So the western branch of Japanese companies, was trying to sell things according to their data and their marketing research and trends. And sometimes, corners get cut, communications break down, and East/west dont see eye to eye. Remember Sega Japan and STI. Remember the debacle behind stuff like Sonic Xtreme, that was a combination of overambition,(the game was shifted console like 3 times) ego, (Yuji Naka threatening to quit if the team used his Nights engine) and miscommunication. (the jap reps visiting the studio got shown the wrong demo before the lead devs were aware)
it's difficult selling things overseas pre-internet. All you have is telephone, marketing data, and written correspondence.
In later years Capcom USA was fine. Essentially acting as a hypeman for Capcom products, without a lot of the skullduggery of the old days.
And mind you, Capcom JP did well enough on it's own to mess up it's reputation, with lazy cashgrabs, "westernized" properties, unrealized projects, as well as cancellations
In the end, the larger blame for the design was that the artist was contacted out of the blue, not long before launch, to make a cover for a game he got almost no description of. For the little info he was given, it's honestly amazing it's even recognizable even remotely as Mega ManReplyDelete
I too wish Capcom had that kind of integrity...ReplyDelete
Maybe they could have started with the NAME!
The name changing to Mega Man was for copyright reasons, if that's what you are talking about.Delete
Not according to my research... @Emperor Rockman. And I quoteDelete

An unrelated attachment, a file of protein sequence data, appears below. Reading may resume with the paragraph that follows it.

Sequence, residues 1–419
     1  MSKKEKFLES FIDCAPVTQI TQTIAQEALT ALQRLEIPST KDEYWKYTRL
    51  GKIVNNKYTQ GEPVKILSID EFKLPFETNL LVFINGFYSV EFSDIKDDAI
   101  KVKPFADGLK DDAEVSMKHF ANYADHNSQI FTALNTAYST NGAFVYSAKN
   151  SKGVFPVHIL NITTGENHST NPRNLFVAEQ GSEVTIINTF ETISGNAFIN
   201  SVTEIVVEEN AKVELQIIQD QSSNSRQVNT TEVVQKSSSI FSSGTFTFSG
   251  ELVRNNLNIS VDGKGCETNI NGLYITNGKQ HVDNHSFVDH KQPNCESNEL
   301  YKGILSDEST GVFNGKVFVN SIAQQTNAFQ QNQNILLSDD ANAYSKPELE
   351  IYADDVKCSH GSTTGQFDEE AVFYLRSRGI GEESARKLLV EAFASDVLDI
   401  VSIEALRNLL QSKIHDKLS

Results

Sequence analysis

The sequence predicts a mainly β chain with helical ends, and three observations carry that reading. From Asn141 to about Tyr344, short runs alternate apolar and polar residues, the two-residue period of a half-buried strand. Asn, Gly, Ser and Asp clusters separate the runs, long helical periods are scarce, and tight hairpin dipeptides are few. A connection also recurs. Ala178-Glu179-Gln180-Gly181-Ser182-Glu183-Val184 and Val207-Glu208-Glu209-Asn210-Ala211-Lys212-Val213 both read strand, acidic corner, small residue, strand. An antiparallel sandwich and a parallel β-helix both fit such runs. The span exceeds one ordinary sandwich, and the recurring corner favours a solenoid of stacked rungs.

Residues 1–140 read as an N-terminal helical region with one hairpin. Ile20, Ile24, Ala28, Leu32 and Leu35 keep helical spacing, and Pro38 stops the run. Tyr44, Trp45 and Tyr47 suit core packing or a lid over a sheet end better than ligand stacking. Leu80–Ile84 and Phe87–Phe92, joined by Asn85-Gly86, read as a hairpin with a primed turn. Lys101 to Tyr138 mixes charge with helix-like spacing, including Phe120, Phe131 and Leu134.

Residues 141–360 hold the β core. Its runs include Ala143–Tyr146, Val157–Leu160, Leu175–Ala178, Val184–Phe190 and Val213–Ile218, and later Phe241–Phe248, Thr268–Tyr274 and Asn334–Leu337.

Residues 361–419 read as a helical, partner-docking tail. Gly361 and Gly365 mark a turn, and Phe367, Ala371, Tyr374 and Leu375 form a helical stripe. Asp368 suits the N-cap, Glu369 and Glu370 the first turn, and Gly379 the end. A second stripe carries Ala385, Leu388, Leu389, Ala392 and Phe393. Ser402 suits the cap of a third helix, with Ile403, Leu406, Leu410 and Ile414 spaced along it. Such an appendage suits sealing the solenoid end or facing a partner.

"However, Capcom Consumer Products Division president Joe Morici changed the name from Rockman to Mega Man because he felt "The title was horrible.""
Yes, this is the same kind of thinking which led to the Ruby Spears cartoon; American kids need muscles and guns.Delete
I'm glad this kind of "localization" seems to be going away. The idea of "localizing" art to make it more appealing to another culture is gross.
That's silly of him considering it's not much better. It's (blank) Man. How creative, right?Delete
I agree with Yoshiki Okamoto. Mega Man is my favorite video game franchise of all time and I don't like that he is known for memes. I hate Bad Box Art Mega Man. I just hope hereinafter Bad Box Art Mega Man is buried and they never use or mention him again.ReplyDelete
While I felt it was an odd decision at the time, I'm glad we had that era where the brand wasn't homogenized. Sure the designs were terrible for almost all licensed products, but that also made them more interesting. To me, anyway. And it makes for great joke material nowadays.ReplyDelete
If we never had "Bad Box Mega Man", we would have never gotten that killer parody character in Street Fighter x Tekken, nor all the other references, like the Mega Man 9 and 10 mock-up US box art. And honestly, I think "bad box art" is a misnomer. The box art isn't bad. It's just awkward and drawn kind of weird. But, it has its charms.ReplyDelete
No one can really say what would've happened if things had stuck to the original design and name. I see no reason to regret the past – especially when it brought people such amusement.